Dear Foreign Secretary,
We, the undersigned, write as representatives of UK-based civil society organisations that work, in many different ways, to reduce the risk of mass atrocities worldwide. In somber reflection on the seventy years that have passed since the adoption of the Universal Declaration of Human Rights and the Genocide Convention, we write with regards to UK contributions to the growing challenge of atrocity prevention.
(New York) - Today's unanimous decision by the UN Security Council to add a further 900 peacekeepers to the UN mission in the Central African Republic (CAR) was welcomed by a group of 16 non-governmental organisations including Aegis Trust, the Global Centre for the Responsibility to Protect, Mercy Corps, and Invisible Children.
The situation in the country has been worsening in recent months, with fighting between rival militias forcing hundreds of thousands of civilians to flee their homes, and rendering 2.4m in need of humanitarian assistance.
The Swedish Embassy in Rwanda today announced funding for an ambitious new Rwanda-wide peace-building programme.
The Rwanda Peace Education Programme is designed to counter behavioural risk factors for genocide by promoting social cohesion, pluralism, personal responsibility, empathy, critical thinking and action to build a more peaceful society.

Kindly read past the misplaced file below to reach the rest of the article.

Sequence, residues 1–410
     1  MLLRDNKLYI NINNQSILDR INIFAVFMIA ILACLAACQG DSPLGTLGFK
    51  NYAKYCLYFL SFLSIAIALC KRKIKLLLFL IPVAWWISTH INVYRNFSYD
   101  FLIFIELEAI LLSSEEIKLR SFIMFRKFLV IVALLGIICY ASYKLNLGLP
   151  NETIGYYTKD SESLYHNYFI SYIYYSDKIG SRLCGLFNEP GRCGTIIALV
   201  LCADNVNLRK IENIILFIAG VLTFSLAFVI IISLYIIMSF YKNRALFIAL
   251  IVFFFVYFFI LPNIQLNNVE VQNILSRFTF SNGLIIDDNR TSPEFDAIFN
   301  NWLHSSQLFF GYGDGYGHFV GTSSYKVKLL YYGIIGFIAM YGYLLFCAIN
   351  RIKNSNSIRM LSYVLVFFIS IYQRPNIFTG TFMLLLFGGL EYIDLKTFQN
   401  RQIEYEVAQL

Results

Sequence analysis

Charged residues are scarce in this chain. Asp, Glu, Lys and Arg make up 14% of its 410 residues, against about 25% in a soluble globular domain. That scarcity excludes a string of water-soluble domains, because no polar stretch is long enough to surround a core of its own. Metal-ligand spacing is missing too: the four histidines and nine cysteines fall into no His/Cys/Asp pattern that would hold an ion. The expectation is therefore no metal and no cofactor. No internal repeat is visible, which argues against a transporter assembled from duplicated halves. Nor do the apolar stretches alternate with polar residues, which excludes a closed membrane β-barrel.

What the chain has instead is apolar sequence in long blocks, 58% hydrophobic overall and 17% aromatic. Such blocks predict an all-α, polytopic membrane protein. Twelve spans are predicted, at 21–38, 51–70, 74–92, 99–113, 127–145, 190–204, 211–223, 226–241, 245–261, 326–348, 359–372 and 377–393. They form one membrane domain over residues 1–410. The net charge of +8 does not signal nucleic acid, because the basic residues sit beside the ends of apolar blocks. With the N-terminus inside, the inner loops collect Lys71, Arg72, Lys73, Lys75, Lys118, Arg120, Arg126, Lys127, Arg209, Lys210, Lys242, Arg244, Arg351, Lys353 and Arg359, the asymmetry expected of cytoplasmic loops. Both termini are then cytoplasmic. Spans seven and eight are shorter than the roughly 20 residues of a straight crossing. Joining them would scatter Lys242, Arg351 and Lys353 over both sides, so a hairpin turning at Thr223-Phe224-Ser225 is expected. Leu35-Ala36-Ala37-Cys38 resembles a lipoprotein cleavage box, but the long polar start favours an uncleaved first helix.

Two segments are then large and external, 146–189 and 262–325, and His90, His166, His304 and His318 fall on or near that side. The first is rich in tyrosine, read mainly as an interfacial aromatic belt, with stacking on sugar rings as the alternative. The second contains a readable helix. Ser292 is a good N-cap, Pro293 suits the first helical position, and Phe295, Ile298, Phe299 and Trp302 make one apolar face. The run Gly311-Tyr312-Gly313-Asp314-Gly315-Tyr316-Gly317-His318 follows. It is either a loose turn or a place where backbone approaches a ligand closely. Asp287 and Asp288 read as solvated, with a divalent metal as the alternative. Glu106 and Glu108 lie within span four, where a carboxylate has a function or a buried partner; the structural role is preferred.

15 May 2013 – From this week, the Aegis Trust’s peace-building education programme in Rwanda will no longer be limited to the Kigali Genocide Memorial; it’s going mobile – starting in Rubavu, Rwanda’s Western Province, where it is being hosted by Vision Jeunesse Nouvelle (VGN), with support from GIZ (the German Society for International Cooperation), 13 May – 3 June.
Profiled by the London Guardian in March, the programme is changing attitudes and behaviour not only among participating students, but also among their peers.
18 Jan 2013 - Dr Mukesh Kapila, Special Representative for the Aegis Trust and former UN Resident and Humanitarian Coordinator for Sudan, has just travelled 1000km through Sudan’s Nuba Mountains and Blue Nile, where international humanitarian relief access has been blocked since armed conflict erupted there between the Sudanese Government and opposition groups in June 2011. Hundreds of thousands of displaced people remain in the two areas, where Government bombing has severely hampered agricultural activity for the past 18 months, triggering desperate food shortages.